Benitez now organizes other Latino Educators. She became the founding president of the Connecticut Association of Latino Administrators and Superintendents, promoting the Latino educator pipeline.

Benitez spent part of her career helping Latino students and others reach their full potential. Nonetheless, she too had more to learn about Latino community’s full potential – which she learned through the Progreso Latino Fund.

“I remember the beginning of PLF, when things started we didn't know enough about our potential as a community. I think what PLF has done is informed us and shown us that,” Benitez says. “So in my case, I've gone to their forums because of that, because I feel that I'm going to go there and somebody is going to challenge whatever schemata I have about Latinos and I might like it or not, but this will stretch my thinking.”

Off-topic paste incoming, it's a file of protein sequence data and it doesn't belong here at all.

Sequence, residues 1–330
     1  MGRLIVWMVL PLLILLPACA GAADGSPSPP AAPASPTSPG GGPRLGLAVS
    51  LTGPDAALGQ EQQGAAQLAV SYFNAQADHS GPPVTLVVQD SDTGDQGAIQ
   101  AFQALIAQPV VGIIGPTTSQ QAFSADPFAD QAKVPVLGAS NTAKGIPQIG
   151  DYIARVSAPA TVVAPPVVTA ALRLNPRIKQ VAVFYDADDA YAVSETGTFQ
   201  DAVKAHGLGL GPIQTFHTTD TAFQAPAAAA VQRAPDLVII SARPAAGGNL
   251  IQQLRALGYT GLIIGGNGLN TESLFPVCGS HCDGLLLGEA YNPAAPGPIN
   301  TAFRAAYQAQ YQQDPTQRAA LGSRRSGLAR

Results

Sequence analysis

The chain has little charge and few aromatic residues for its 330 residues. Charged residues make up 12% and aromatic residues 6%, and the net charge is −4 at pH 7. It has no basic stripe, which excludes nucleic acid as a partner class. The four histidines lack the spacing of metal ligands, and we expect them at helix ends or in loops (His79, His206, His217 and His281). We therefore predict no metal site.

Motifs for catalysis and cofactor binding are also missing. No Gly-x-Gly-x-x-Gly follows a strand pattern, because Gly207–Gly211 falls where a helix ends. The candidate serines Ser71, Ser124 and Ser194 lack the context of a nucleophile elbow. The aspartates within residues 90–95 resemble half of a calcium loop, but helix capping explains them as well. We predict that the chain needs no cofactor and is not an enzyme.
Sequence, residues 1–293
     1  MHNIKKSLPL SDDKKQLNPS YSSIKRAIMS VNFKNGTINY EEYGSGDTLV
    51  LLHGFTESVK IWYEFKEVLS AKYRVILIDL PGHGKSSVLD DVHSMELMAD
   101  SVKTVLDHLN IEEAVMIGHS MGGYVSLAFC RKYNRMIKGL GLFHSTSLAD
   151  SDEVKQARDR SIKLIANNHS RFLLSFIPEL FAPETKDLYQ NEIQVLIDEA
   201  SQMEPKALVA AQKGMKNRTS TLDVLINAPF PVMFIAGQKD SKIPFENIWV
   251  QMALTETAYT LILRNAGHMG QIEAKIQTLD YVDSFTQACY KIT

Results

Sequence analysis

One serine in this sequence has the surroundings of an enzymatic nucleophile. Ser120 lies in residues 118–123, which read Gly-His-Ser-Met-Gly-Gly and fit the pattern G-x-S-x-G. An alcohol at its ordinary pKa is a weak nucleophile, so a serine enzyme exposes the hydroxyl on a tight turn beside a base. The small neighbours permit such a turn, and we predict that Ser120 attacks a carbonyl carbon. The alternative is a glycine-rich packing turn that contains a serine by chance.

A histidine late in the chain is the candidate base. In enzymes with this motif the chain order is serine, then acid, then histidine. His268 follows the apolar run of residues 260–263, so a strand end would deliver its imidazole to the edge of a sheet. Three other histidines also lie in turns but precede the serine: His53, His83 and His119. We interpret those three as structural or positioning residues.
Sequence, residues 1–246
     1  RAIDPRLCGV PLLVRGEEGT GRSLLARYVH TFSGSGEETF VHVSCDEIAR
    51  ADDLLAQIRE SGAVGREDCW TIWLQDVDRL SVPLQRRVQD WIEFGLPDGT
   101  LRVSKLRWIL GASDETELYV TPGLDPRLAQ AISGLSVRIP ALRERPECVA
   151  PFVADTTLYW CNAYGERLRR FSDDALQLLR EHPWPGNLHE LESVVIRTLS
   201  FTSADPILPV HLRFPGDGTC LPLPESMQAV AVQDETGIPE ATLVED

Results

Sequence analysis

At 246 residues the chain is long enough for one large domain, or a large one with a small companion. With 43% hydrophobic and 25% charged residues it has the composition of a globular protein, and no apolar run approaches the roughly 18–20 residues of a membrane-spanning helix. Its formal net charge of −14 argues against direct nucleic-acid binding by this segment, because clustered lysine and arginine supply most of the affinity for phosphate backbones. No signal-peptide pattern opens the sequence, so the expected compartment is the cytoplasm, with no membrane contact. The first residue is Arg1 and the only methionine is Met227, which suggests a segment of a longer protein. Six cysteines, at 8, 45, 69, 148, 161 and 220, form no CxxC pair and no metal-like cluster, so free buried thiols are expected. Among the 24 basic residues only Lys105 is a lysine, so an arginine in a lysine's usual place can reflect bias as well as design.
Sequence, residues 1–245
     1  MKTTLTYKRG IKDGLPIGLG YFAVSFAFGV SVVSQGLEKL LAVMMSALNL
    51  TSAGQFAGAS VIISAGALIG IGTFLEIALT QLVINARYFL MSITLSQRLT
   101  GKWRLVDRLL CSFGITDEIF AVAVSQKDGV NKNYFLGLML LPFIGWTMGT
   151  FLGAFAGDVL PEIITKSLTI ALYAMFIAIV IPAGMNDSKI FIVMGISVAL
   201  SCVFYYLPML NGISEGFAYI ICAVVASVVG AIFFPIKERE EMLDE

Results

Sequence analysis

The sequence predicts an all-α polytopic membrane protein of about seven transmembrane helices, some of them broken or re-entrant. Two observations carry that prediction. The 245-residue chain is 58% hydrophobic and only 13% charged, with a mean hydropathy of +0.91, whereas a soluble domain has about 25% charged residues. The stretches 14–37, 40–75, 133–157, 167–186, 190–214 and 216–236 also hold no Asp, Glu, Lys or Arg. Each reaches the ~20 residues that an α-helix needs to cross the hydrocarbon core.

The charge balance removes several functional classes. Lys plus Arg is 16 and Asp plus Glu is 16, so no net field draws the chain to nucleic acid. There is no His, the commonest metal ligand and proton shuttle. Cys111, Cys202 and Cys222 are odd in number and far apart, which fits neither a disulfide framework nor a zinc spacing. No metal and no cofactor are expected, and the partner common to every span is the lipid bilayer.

Abie Benitez is the newest Progreso Latino Fund Advisory Committee member as of December 2018. The PLF Advisory Committee develops Latino leadership and builds an equitable community for Latinos in Greater New Haven. Additionally, the advisory committee engages Latinos in local philanthropy and encourages giving to the Fund to accelerate Latino influence in the region’s civic life. The Fund hopes to recruit more members in 2019. If you are interested in joining the Progreso Latino Fund Advisory Committee, please email Caprice Taylor Mendez.